On the weekend, when school wasn´t in session, we took the saturday morning lancha to Flores and got on a bus for Tikal. The hour and a half drive took us around the lake and then through the entrance to the park, driving deeper into the rainforest. We found our hotel there, one of 3 places to stay at the park.
In order for our ticket to be viable the next day, we had to purchase it after 4pm. So we went to the edge of the forest for a look. Spider monkeys came into the trees above. We watched them use prehensile tails to swing and hold onto branches while eating leaves. Then, they sat embracing-- little monkey hands wrapped around each other´s backs, and groomed each other. I think when I´m home I´ll wish they were swinging in the trees overhead in Forest Park.
So at 4:30 we headed into the park, with only an hour before nightfall. We hoofed it in, past huge ceiba trees, known of the tree of life to the maya. Howler monkeys called out in the distance. We were just talking about how we didn´t really believe that the ruins existed when around the bend a gigantic tower rose in front of us. We entered the grand plaza in awe. No tourists due to the late hour and the silence played heavily on the scene. One of those magical places on the planet. We climbed the stone steps and sat gazing on what the maya created. Each temple 50 years to build, by thousands of hands. All the buildings in sight were restored but black with algae and disuse of centuries. Amazing to think that when they were rediscovered, all were just mountains with temples inside. One of the temples they left as is, covered with trees old and wide and just a glimpse of a human structure poking from the top of the mountain.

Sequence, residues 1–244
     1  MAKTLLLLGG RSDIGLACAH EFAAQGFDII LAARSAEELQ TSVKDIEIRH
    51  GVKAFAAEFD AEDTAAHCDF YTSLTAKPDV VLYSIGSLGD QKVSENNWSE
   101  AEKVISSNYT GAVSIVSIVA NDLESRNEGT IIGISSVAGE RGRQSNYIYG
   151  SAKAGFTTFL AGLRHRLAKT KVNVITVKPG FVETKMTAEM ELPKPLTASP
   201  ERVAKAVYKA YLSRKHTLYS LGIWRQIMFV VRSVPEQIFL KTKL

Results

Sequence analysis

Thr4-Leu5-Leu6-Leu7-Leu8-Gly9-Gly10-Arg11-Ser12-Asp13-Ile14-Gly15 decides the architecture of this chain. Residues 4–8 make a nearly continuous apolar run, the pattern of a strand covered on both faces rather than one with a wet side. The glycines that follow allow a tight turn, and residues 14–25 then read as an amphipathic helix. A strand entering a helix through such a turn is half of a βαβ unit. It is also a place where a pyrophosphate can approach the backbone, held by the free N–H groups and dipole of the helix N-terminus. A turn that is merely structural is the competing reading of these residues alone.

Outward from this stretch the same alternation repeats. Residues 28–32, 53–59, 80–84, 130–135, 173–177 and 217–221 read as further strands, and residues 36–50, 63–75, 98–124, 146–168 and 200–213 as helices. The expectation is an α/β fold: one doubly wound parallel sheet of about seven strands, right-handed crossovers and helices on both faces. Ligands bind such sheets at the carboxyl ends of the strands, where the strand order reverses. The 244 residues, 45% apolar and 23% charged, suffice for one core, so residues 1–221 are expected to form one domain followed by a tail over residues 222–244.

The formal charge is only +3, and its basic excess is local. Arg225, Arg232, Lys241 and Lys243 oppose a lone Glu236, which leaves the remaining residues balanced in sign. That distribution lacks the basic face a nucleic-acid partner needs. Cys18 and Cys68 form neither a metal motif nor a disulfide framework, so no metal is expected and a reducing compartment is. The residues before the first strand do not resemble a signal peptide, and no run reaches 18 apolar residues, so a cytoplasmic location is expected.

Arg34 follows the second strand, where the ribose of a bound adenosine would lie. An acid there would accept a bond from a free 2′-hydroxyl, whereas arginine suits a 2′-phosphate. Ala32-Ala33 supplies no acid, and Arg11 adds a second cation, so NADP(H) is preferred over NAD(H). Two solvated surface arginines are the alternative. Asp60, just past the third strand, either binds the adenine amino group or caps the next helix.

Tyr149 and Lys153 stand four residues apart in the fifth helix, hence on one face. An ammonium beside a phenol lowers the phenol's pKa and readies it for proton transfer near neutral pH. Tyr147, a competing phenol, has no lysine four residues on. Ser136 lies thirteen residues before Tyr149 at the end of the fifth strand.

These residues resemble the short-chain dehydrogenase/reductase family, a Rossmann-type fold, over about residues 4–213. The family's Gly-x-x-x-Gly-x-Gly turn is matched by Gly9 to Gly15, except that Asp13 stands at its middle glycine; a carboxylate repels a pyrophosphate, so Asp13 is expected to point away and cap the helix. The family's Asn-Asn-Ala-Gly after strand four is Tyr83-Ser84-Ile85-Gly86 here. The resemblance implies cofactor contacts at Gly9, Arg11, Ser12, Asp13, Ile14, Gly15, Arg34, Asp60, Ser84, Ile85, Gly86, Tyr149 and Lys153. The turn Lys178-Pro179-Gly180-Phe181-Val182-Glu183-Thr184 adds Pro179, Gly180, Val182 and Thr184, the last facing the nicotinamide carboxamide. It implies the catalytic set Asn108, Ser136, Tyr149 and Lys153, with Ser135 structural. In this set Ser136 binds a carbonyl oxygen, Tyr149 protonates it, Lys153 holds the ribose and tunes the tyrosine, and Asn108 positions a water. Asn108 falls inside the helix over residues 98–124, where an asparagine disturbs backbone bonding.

We journeyed on to temple 5, on the eastern edge of the complex. It was getting dark but as we climbed to the top you could see the jungle spread out below us, and temples peering our from over the trees. Like climbing a cascade peak, getting over the clouds, and seeing the peaks of other volcanoes poking out. Just us, a handful of others, and a man with a shotgun. Lucas and I joked that it seemed a little unneccesary to shoot tourists who touch things they´re not supposed to, but the guards are there to protect us. Tikal is still at times a lawless place, hard to defend from forces that want to destabilize the park. Tropical sunsets are fast and before we knew it, it was dark. We walked back out of the park, training our eyes to see. Happy to be greeted by the light of our hotel, and a full restaurant of other tourists.
Up at dawn to catch the sunrise up on top of the temple. Such a great time to be in the park-- with no other people around it feels even more like you´re walking through a ghost town of unknown purpose and demise. We climbed the steepest of the towers and ate our cheese sandwiches. Our legs quaking as we sat on the steep precipice. ¿How did the maya climb these, much less build them? Two kinds of toucans and many parrots in the forest canopy. So many Indiana Jones scenes--an actual minature scale model of the city was found in one of the temples. Hardwoods used to build the palaces thousands of years ago, still strong and viable. The amazing astronomy that went into construction and placement of the temples. Equinoxes and solstices filling each building with light and sending it on to the next temple aligned.
Nice to return back to San Andres after the trip to dinner with Alma, and bed amid church songs and marimba.
Canyonlands - White Rim Trail
7 years ago